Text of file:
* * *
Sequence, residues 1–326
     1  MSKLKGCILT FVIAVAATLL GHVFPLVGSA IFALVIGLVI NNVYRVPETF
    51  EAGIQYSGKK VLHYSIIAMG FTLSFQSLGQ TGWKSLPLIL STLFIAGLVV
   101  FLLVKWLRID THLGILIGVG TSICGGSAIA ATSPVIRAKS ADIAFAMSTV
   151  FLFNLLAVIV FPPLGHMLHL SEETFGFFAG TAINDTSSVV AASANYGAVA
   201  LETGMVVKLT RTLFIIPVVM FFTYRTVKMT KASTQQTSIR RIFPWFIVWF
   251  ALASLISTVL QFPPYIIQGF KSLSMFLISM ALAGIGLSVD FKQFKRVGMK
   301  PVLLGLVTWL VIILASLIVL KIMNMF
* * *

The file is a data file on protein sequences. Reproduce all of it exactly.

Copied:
Sequence, residues 1–326
     1  MSKLKGCILT FVIAVAATLL GHVFPLVGSA IFALVIGLVI NNVYRVPETF
    51  EAGIQYSGKK VLHYSIIAMG FTLSFQSLGQ TGWKSLPLIL STLFIAGLVV
   101  FLLVKWLRID THLGILIGVG TSICGGSAIA ATSPVIRAKS ADIAFAMSTV
   151  FLFNLLAVIV FPPLGHMLHL SEETFGFFAG TAINDTSSVV AASANYGAVA
   201  LETGMVVKLT RTLFIIPVVM FFTYRTVKMT KASTQQTSIR RIFPWFIVWF
   251  ALASLISTVL QFPPYIIQGF KSLSMFLISM ALAGIGLSVD FKQFKRVGMK
   301  PVLLGLVTWL VIILASLIVL KIMNMF